I come from a background in the study of human thought throughout history.

:huh:

Is that anything like behavioral psychology?

The geological science behind dating the Sphinx holds much, much, more weight than arguments from historians. That is me, you are welcome to think otherwise, and I understand why you do.

That's a curious thing to say. When it comes to human history, the weight of evidence is generally indicated by the credibility of the arguments supporting it, not by the field they come from. There is not really a whole lot of the ancient world left, to be able to say that evidence from any one field can incontestably establish any given point to the point of ruling out all debate.

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I found what you were talking about. I completely misunderstood the article. Provisionally, I'm very happy :)

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Well-integrated?

It's practically an after-thought. In modern parlance, it's "jammed in there". It's literally physically impossible (or rather, logically indefensible) for it to have been built prior to Khufu's walkway.

If you would like to expand on this or give me a link or something I'd appreciate it.

you can't isolate the pyramids from the society that built and surrounded them, and then ask if it is plausible that the pyramids were there first, and the society came second.

Absolutely you can and it's nothing like the Capitol building comparison. In fact I believe it's now consensus that temples came before settlement in human history, and that government and settlement were formed around temple sites.

Is that anything like behavioral psychology?

Gosh no. Behavioural psychology would be a form of thought. A theory of human action, and one of many.

When it comes to human history, the weight of evidence is generally indicated by the credibility of the arguments supporting it, not by the field they come from.

I'm saying history is not credible. It is closer to myth than truth.

Edited by onefourfour

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Don't you think it's entirely plausible that some structures (i.e, pyramids, sphinx) are there already and they develop and expand a major religious and ruling center around, and based on a mythos surrounding them?

Seems extremely unlikely.

Now, that said, we do know of cases where a religion (Christianity) appropriates symbols and areas used by other religions. However, they do not leave the old religion/old structure intact. There's a major redevelopment of the site and retooling of the structures to erase old symbols and incorporate new symbols. Furthermore, we also have examples in Egypt of where a structure was removed and then turned into something else (the White Chapel is one of those), as well as the re-designing of the tomb of King Den to a Tomb of Osiris.

I come from a background in the study of human thought throughout history. The geological science behind dating the Sphinx holds much, much, more weight than arguments from historians. That is me, you are welcome to think otherwise, and I understand why you do.

If so, then perhaps you will pay attention to the findings of the geologists who studied Egypt rather than tourist-geologist Schoh, who disagreed with the geologists-working-on-the-plateau's findings. Their comments (that he was not comparing two rock layers of the same strata, but rather different rocks from different layers) is a hallmark of the kind of sloppy research he has done in the past.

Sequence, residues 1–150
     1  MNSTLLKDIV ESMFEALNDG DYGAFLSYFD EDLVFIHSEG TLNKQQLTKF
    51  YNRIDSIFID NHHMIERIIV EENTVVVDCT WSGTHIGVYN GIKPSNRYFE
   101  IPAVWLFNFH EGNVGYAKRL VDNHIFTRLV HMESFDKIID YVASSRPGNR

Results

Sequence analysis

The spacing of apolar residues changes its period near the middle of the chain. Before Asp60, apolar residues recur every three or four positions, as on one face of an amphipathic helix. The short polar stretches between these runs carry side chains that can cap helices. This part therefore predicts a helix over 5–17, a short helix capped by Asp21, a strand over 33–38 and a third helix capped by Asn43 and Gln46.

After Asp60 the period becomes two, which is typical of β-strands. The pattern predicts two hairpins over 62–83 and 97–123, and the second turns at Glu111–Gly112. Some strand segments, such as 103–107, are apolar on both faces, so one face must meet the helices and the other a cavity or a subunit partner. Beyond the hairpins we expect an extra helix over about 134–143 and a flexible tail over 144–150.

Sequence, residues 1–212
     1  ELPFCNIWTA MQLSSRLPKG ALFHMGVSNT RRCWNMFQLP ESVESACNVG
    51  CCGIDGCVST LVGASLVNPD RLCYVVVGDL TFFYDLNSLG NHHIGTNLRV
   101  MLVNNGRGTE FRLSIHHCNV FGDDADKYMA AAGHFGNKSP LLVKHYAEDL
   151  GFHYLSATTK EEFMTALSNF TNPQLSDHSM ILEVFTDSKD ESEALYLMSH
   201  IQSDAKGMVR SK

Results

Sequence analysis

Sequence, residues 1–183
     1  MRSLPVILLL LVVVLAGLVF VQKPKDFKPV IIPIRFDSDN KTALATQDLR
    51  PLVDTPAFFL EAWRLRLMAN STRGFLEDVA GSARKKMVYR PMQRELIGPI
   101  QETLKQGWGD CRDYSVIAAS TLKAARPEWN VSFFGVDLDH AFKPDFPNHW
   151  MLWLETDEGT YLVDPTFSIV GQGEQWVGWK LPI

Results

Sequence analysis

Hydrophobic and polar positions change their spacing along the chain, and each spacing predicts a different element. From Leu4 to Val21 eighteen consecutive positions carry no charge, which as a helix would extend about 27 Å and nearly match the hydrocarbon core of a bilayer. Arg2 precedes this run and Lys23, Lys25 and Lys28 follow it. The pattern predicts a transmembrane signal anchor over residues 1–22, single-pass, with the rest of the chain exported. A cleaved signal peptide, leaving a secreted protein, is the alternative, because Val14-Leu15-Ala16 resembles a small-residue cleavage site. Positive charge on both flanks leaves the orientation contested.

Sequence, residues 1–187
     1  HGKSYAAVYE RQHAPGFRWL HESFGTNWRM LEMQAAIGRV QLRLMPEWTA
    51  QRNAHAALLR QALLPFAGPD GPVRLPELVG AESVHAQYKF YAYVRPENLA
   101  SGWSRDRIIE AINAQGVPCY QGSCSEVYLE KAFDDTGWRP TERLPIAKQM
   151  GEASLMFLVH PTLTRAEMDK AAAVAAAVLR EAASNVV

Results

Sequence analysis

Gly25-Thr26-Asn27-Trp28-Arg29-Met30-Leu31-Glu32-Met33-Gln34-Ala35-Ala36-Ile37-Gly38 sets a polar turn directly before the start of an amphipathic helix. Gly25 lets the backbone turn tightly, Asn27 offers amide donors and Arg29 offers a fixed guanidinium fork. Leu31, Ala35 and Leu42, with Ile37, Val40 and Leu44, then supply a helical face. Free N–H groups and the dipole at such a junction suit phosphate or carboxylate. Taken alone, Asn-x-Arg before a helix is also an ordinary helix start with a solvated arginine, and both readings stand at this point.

http://www.aeraweb.org/sphinx-project/geology-of-the-sphinx/

I don't discount the dating to Khufu simply because it seems the Pyramids were too hard to build. (Although I think that is entirely possible!)

Not 'too hard' but simply the product of a different time. For example, it would be a very difficult and overwhelmingly expensive task today to build one of the huge legendary cathedrals of Europe from the same materials.

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If you would like to expand on this or give me a link or something I'd appreciate it.

Sure. Which part?

Absolutely you can and it's nothing like the Capitol building comparison. In fact I believe it's now consensus that temples came before settlement in human history, and that government and settlement were formed around temple sites.

Asides from saying that you can, do you have anything that would give validity to the proposal of isolating a structure from the culture with the history of building those structures and wondering if they didn't build it?

Gosh no. Behavioural psychology would be a form of thought. A theory of human action, and one of many.

If you would like to expand, etc.

I'm saying history is not credible. It is closer to myth than truth.

Again, a rather curious thing to say. Evidence is not determined by field, but by support.

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Seems extremely unlikely.

Now, that said, we do know of cases where a religion (Christianity) appropriates symbols and areas used by other religions. However, they do not leave the old religion/old structure intact. There's a major redevelopment of the site and retooling of the structures to erase old symbols and incorporate new symbols. Furthermore, we also have examples in Egypt of where a structure was removed and then turned into something else (the White Chapel is one of those), as well as the re-designing of the tomb of King Den to a Tomb of Osiris.

Stone monuments have no religion structure to leave intact or not.

Have you heard of the people who worshiped a fellow who tossed a bottle out of a small plane? It was a long time ago I heard the story, so the details are fuzzy in my memory.